Talk Radio And The Conservative Fantasy World

I’ve had a number of posts on how the Republicans lost due to being out of touch with reality and making arguments which making voting for them unpalatable to many educated voters. This includes some of the following recent posts:

The Republican Ship of Fools

Republicans and Meshugeneh Jewish Voters

Charlie Cook On The Republican Party’s Loss of Upscale Voters

Christine Todd Whitman Calls for Freeing the GOP From The Social Fundamentalists

Republicans Lost By Fighting the Wrong Battles

The GOP: Celebrating Ignorance

The Onion Has Serious Ideas On Meaning Of Obama’s Victory

The Reality-Based Argument for Barack Obama

These posts have two common  ideas. The Republicans base their arguments on religious dogma and on misinformation spread by the right wing noise machine. Nate Silver looks at this from the perspective of the harm done by talk radio. He begins with an interview with John Ziegler who conducted the rather strange poll I discussed here in which those who did not repeat conservative talking points as fact, even when totally incorrect, were considered to be ignorant. He highlighted a response where Ziegler considered the false conservative claim that Obama “launched his career” in the living room of Bill Ayers:

This might be the key passage of my interview with John Ziegler on Tuesday, for it is, in a nutshell, why conservatives don’t win elections anymore. It is not that conservatism generally permits less nuance than liberalism (in terms of political messaging, that is probably one of conservatism’s strengths). Rather, the key lies in the second passage that I highlighted. There are a certain segment of conservatives who literally cannot believe that anybody would see the world differently than the way they do. They have not just forgotten how to persuade; they have forgotten about the necessity of persuasion.

John Ziegler is a shining example of such a conservative. During my interview with him, Ziegler made absolutely no effort to persuade me about the veracity of any of his viewpoints. He simply asserted them — and then became frustrated, paranoid, or vulgar when I rebutted them.

This mindset of believing the right wing talking points and ignoring all evidence that their claims are untrue is common among conservatives. Nate moves into a lengthy discussion of talk radio which is better read in its entirety. A key point is that talk radio concentrates on stimulation to capture the attention of those who are also engaged in other activities while the radio is on as opposed to pursuasion.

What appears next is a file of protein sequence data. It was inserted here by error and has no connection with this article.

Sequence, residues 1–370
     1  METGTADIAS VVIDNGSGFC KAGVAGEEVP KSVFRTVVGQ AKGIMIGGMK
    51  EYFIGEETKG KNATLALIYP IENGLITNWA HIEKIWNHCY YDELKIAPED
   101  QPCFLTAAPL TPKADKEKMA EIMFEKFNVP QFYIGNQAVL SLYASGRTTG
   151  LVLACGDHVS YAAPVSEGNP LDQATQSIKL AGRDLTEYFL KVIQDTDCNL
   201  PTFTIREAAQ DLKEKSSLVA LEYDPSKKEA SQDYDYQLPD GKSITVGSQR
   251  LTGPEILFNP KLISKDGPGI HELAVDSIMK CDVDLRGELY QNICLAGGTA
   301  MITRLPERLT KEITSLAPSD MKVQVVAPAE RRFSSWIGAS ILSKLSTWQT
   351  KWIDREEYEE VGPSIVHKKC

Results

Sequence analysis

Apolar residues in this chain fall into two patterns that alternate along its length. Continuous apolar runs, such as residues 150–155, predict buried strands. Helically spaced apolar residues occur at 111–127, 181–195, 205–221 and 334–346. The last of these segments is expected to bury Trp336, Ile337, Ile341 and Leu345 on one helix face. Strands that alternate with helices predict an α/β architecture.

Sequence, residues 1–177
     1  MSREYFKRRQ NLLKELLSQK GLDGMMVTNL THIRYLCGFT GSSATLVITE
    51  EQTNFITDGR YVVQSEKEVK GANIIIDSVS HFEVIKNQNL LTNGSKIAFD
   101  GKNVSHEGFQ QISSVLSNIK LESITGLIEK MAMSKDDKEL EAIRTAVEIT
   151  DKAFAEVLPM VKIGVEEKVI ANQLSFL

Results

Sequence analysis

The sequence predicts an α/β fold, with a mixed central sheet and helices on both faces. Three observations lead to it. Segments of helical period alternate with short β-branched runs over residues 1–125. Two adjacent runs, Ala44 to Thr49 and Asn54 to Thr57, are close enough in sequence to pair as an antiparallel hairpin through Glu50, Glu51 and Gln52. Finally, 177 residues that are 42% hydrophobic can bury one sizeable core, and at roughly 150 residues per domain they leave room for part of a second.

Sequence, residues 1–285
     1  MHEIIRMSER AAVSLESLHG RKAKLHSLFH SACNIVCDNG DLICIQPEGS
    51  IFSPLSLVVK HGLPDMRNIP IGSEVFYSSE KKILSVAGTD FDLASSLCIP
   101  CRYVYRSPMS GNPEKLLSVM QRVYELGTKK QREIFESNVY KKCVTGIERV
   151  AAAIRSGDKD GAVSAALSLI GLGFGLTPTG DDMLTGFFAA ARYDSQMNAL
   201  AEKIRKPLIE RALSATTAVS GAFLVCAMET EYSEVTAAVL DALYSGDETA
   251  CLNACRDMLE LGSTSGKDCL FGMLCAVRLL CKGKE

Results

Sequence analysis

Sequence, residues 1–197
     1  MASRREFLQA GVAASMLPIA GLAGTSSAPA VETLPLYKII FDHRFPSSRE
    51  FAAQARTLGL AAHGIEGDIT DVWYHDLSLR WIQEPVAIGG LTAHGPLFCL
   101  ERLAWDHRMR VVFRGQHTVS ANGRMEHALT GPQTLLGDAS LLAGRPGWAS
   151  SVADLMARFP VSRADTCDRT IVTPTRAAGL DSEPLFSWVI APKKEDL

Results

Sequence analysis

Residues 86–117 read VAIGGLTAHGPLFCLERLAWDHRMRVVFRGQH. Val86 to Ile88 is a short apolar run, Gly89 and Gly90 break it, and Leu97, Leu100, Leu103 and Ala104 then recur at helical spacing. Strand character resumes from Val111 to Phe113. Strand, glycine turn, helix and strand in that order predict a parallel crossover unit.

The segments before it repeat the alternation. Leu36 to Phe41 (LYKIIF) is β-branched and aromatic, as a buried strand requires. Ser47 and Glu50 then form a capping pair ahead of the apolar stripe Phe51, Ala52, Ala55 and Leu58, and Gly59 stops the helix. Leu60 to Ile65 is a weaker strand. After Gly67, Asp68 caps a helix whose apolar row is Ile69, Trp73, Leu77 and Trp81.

Invariably, the times when Ziegler became really, really angry with me during the interview was when I was not permitting him to be stimulating, but instead asking him specific, banal questions that required specific, banal answers. Those questions would have made for terrible radio! And Ziegler had no idea how to answer them.

Stimulation, however, is somewhat the opposite of persuasion. You’re not going to persuade someone of something when you’re (literally, in Ziegler’s case) yelling in their ear.

The McCain campaign was all about stimulation. The Britney Spears ads weren’t persuasive, but they sure were stimulating! “Drill, baby, drill” wasn’t persuasive, but it sure was stimulating! Sarah Palin wasn’t persuasive, but she sure was (literally, in Rich Lowry’s case) stimulating!

Talk radio is only one portion of the right wing noise machine, but it does contribute to the disconnect between conservatives and reality. Talking points which are repeatedly yelled on talk radio are reinforced on Fox, in conservative publications, and blogs. Such repetition replaces any serious attempts at persuasion as well as consideration of the actual facts. Any news outlet which fails to repeat their misconceptions is labeled as part of the liberal media and ignored. This leads to a dwindling number of true believers among conservatives, who are no longer able to meaningfully engage in meaninful discussion of the issues. While they are convinced that their arguments are true, they increasingly lose the support of educated voters who gradually begin to see though them.

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